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That'd be the one. She started out life as "Nyamba", & has had a couple of others in between her current handle. Although it seems that all of her 2ndary owners don't know protocol for vessel name changes. As you can still see "Nyamba" emblazoned (in chrome I think) on the main electrical panel.

I saw the boat AGES ago, in a Patagonia catalog, & fell heavily into Lust (with her, & the owner's GF, who was also in the pic) back then. The lust has faded a fair bit, since. But I still have the original page clipping with the pic, as well as an e-copy on my computer, from her then owner, Mark Callanan of the Photography Co. in Mexico. Though, I think that he finally made it back home to Australia... Looong circumnavigation.

I'll do some digging, & try & sketch out, as well as research Long Range boat; inspecting, buying, etc.
IE: The vital things to ask the current, & former owners, prior to spending any $ on Professionals to look her over, or on plane tickets, etc.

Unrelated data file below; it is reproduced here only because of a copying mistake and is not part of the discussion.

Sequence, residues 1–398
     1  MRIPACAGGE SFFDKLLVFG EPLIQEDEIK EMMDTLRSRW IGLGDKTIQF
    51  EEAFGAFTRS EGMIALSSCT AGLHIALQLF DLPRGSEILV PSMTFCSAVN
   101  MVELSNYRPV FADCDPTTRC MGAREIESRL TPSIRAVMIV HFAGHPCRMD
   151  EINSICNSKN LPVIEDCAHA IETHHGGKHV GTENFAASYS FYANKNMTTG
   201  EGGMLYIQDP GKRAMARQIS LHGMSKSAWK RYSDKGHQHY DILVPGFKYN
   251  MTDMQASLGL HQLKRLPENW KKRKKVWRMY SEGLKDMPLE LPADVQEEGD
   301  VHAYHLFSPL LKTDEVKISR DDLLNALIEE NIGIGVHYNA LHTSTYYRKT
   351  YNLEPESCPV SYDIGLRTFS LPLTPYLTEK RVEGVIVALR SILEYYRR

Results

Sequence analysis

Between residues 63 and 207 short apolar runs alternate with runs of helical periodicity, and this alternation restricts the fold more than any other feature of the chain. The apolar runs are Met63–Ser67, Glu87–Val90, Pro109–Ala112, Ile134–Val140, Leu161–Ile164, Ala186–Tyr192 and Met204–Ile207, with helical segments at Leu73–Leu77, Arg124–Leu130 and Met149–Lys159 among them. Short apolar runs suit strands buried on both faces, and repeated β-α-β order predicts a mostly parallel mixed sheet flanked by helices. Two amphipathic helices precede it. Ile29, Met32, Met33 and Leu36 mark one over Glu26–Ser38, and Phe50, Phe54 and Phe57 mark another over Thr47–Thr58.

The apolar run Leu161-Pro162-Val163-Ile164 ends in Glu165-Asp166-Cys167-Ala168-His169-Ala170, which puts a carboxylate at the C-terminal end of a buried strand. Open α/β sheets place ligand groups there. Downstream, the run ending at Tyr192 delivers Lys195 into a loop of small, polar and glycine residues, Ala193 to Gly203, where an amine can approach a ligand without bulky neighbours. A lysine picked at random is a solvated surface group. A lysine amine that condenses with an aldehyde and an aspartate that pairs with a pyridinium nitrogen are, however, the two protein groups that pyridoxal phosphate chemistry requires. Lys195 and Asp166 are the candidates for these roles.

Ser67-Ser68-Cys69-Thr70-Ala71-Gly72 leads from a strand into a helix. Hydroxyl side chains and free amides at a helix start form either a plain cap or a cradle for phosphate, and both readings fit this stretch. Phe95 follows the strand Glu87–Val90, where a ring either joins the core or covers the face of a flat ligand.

Not that I damn sure couldn't use a vacation ;-)!!!
Which is likely what the owners will say when I send them a 15pg survey/inventory checklist!

Fortunately, years ago, I had the good occasion to talk to someone who crewed on her, short handed, for quite a while. And he had naught but good things to say about her manners & sea keeping abilities. To the point where he said he'd be more than happy taking his family for a trip around the globe on her.

But... the (Big) catch: If I buy her, given where she is, I'm thinking that any nautical gear that I need for her would likely run close to 2x what it would here on the mainland. So that's a BIG factor right there.
As, unless I split the cost of a cargo container with someone, there's no cheap way to get goods in quantity to HI that I know of. Not to mention possibly/probably selling most of my household stuff on short notice. A task somewhere between a 1st & a 2nd (time, lifetime chore - er, adventure).

Thoughts? And does anyone have any resources, & or ideas on sending semi-bulk equipment to HI?
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Old 30-04-2015, 01:25   #25
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Re: "Education" needed on buying Aluminum Boats

if you go as far as a survey make sure you hire a surveyor with ABYC Corrosion Analysis Certification. You can find one here. I just took their course and it's a tough one requiring 83% to pass.